With such a devastating disease that affects tens of millions worldwide, today’s announcement is truly heartening in the fight against Alzheimer’s. This is the result of groundbreaking research and is a testament to Biogen’s steadfast determination to follow the science and do the right thing for patients,” Michel Vounatsos, Biogen’s chief executive, said in a statement. “We are hopeful about the prospect of offering patients the first therapy to reduce the clinical decline of Alzheimer’s disease and the potential implication of these results for similar approaches targeting amyloid beta.”

Al Sandrock, Biogen’s head of research and development and chief medical officer, said in his first interview about the new results that his team could only find one previous instance where a trial was stopped for futility and then it turned out to be positive. “I have to pinch myself because I almost don’t believe it yet,” Sandrock said. “It’s so amazing to have this change from March. But I’m also very, very happy because… I know people with mild cognitive impairment and I felt like I had let them all down.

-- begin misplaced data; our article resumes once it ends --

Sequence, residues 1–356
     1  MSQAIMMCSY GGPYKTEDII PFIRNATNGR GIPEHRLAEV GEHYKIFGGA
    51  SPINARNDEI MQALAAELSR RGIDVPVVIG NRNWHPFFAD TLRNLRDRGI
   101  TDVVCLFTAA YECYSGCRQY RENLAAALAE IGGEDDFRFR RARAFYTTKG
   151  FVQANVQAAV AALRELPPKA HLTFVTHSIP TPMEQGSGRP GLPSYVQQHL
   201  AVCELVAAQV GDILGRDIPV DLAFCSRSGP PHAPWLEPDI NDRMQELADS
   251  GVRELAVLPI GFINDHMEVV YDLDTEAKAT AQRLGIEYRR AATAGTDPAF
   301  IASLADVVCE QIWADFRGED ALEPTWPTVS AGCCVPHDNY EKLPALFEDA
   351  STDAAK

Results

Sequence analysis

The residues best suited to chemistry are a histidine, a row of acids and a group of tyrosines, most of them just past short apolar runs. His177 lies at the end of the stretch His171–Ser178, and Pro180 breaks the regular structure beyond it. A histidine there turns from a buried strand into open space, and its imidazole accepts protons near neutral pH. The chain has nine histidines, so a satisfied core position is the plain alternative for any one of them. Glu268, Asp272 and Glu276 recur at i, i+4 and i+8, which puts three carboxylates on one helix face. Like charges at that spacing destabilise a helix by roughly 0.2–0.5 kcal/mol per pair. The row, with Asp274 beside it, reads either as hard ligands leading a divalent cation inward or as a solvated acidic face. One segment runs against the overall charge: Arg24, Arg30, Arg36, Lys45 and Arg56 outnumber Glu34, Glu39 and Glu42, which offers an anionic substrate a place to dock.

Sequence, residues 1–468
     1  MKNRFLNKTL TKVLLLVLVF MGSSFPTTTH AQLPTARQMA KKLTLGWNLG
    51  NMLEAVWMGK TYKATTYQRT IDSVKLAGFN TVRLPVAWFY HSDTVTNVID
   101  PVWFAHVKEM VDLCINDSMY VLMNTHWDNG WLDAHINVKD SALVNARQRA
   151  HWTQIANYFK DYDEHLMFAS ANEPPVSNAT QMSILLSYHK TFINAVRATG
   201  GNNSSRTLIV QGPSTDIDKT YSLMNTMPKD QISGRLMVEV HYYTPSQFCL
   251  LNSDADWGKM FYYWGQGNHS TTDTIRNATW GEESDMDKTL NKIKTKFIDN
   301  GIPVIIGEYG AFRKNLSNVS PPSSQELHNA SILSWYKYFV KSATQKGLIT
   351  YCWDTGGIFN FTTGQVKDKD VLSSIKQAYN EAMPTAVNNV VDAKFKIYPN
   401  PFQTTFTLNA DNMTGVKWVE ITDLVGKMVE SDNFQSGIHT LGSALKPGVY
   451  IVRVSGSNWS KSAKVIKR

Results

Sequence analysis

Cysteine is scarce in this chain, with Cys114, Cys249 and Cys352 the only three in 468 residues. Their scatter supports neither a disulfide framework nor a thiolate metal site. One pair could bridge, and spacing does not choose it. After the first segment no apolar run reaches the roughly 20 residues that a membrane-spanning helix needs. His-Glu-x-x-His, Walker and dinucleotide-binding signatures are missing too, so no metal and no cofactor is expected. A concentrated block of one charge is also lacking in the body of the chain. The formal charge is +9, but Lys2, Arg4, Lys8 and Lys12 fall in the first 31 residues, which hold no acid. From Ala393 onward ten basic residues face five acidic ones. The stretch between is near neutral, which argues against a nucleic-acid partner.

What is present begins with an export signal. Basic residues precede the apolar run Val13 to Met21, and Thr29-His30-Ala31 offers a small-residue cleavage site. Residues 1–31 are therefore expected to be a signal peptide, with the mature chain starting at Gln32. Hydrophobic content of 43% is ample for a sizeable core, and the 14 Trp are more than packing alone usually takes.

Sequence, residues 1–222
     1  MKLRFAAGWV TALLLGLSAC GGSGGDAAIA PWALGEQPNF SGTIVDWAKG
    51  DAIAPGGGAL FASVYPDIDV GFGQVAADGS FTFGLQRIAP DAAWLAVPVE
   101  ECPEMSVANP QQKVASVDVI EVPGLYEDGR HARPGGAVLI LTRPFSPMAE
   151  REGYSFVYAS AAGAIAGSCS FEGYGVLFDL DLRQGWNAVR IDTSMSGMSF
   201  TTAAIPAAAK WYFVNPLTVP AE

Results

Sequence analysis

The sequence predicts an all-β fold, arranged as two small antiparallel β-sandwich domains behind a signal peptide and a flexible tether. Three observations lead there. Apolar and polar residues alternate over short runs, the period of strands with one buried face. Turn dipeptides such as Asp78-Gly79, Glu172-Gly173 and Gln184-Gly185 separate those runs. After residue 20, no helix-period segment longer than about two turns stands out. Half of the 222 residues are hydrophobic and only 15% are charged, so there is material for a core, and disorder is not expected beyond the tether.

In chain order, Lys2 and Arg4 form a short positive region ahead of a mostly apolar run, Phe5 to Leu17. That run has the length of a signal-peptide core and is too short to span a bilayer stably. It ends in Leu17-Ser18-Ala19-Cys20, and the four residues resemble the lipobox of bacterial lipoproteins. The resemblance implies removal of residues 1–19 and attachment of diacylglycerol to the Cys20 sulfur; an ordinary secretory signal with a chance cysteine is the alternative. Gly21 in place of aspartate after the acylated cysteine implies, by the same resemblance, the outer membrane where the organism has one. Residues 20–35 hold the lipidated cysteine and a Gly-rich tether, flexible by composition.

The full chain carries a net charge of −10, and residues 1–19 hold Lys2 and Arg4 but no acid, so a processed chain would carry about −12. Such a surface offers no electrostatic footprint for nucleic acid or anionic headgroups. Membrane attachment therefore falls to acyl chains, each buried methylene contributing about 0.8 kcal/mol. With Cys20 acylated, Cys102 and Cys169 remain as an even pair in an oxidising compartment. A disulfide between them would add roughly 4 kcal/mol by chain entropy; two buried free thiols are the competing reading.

By June, as Biogen analyzed the full data set, researchers started to realize that a different picture was emerging of aducanumab, Sandrock said. The reason was because of changes that Biogen had made to the study late in the game. Initially, the company worried about a potential side effectbrain swelling—and limited the dosage of the drug. But later patients were allowed to receive higher doses of the medicine.

Source: https://www.biogen.com/
A
ND
https://www.scientificamerican.com/